The toss is the most misunderstood aspect of the serve – misunderstood by players and teachers alike.
In order to serve tall – you don’t necessarily have to jump, or even be on your tip toes, but contact should be as high above you as is comfortable and as high as allows you to feel balanced.
Note – the pro’s jump to increase their service window – meaning they have a greater margin of error above the net if the jumping creates a taller hit.
But, and here is the but…… somehow most players assume an overly high toss will insure a tall hit. On the face of it that makes sense, but look a little deeper and you may see on the adjacent courts (as well as at the Australian Open in certain circumstances) that the overly high toss does not guarantee a tall hit. In fact, often just the opposite. When the toss is overly high the player must wait for the ball to descend. And this waiting may disrupt rhythm, and if waiting too long, the inevitable HITCH makes the motion feel yet worse.
So how do you tame the toss?
This depends on the orientation of the tossing arm, and the precise release point during the tossing motion. Don’t worry about your wrist, or hand, or how you hold the ball. To me that seems too technical. The issue concerns where the arm is when the ball leaves the hand.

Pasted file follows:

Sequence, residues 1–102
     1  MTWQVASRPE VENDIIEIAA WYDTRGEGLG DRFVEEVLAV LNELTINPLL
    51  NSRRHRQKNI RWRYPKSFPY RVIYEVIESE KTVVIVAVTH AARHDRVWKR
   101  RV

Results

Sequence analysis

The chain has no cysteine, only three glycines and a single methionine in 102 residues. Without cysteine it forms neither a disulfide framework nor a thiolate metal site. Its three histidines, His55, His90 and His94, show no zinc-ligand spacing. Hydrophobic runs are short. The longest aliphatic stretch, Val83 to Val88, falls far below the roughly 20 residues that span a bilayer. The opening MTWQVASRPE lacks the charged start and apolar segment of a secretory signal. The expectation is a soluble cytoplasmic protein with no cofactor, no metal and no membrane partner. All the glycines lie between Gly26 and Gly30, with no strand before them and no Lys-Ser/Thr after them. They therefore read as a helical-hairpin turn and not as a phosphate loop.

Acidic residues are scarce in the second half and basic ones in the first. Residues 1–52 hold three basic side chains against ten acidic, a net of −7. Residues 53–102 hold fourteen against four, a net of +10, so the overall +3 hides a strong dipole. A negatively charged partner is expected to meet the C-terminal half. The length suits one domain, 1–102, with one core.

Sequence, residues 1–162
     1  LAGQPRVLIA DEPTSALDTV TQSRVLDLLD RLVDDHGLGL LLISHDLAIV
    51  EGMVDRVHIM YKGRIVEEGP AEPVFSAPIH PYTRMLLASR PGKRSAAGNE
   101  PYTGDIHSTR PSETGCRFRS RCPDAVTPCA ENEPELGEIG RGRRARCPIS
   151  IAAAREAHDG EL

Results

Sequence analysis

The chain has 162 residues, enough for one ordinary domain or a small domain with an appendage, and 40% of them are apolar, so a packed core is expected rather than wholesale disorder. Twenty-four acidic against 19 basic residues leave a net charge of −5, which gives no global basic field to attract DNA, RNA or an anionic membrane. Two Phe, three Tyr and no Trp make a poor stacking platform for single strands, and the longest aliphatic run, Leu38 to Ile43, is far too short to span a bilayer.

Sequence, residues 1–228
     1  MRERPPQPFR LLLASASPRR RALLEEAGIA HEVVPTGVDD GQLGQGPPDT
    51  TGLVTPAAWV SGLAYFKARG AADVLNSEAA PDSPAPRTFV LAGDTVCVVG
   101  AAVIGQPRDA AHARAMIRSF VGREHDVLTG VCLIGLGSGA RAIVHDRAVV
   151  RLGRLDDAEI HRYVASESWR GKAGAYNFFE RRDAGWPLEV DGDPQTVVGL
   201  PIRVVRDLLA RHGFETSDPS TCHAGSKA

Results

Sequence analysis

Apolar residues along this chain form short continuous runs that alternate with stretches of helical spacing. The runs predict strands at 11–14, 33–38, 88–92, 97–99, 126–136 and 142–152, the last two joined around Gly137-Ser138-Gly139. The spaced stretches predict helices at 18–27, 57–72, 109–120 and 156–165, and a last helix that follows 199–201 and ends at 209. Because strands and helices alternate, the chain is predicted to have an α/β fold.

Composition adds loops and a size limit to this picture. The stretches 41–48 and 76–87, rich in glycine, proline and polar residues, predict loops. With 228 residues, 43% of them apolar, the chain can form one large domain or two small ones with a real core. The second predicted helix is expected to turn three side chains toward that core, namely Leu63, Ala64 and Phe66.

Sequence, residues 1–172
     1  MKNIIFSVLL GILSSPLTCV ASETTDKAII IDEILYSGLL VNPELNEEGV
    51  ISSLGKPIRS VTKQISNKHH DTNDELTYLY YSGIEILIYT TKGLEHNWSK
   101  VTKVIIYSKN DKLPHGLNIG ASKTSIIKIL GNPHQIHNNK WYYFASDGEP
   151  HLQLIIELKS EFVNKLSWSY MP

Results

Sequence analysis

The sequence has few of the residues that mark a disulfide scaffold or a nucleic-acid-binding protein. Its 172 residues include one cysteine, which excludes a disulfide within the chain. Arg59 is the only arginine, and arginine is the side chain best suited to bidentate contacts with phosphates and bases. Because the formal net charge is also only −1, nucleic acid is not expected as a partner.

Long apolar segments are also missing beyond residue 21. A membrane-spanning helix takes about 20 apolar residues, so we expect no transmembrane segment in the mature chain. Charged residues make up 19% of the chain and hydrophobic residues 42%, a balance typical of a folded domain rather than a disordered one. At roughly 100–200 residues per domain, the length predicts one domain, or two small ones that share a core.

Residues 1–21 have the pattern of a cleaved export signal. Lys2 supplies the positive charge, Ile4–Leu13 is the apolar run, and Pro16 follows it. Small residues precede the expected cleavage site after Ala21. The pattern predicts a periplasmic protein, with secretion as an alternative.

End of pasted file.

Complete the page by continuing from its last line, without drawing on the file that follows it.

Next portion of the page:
Second, tempo. The two arms set up a rhythm, sometimes this has been called, “down together and up together.” But more to the point, both arms will initially move at the same speed, such that to get control of your toss, you must reassess your initial tempo with the racquet hand – how fast or slow do you start?
Third, location. Now it gets harder (or perhaps easier). Toss in front, above you, behind you, slightly to the right, to the left. There are many options. But somehow each player has their own distinctive spot, but many may not know it. On the best serves, the toss has somehow moved to the absolute best spot for contact.
P.S. – Steffi Graf had an overly high, inordinately high, amazingly high toss. And the announcers in that time noted just that, and said that for better or worse Steffi “got away’ with that toss. And I guess that when Safina, Sharapova, Ivanovic and so many others were young they saw Steffi as the best player in the world and resolved (consciously or unconsciously) to copy that toss and that motion. Unfortunately those players didn’t come to terms with the complexity of that toss and the double faults, loss of confidence, and so much more that has come from copying this serve.
Speaking of copying, Milos Raonic, the new phenom from Canada, said he has consciously copied Sampras – the announcers marveled at a serve they called fluid and free flowing – and it all started with the toss.
You be the judge. And while you are at it – come to terms with your own toss.
The toss could be the most important aspect of the serve. In Building The Serve From the Ground Up we not only hit this nail on the head but many many more as well.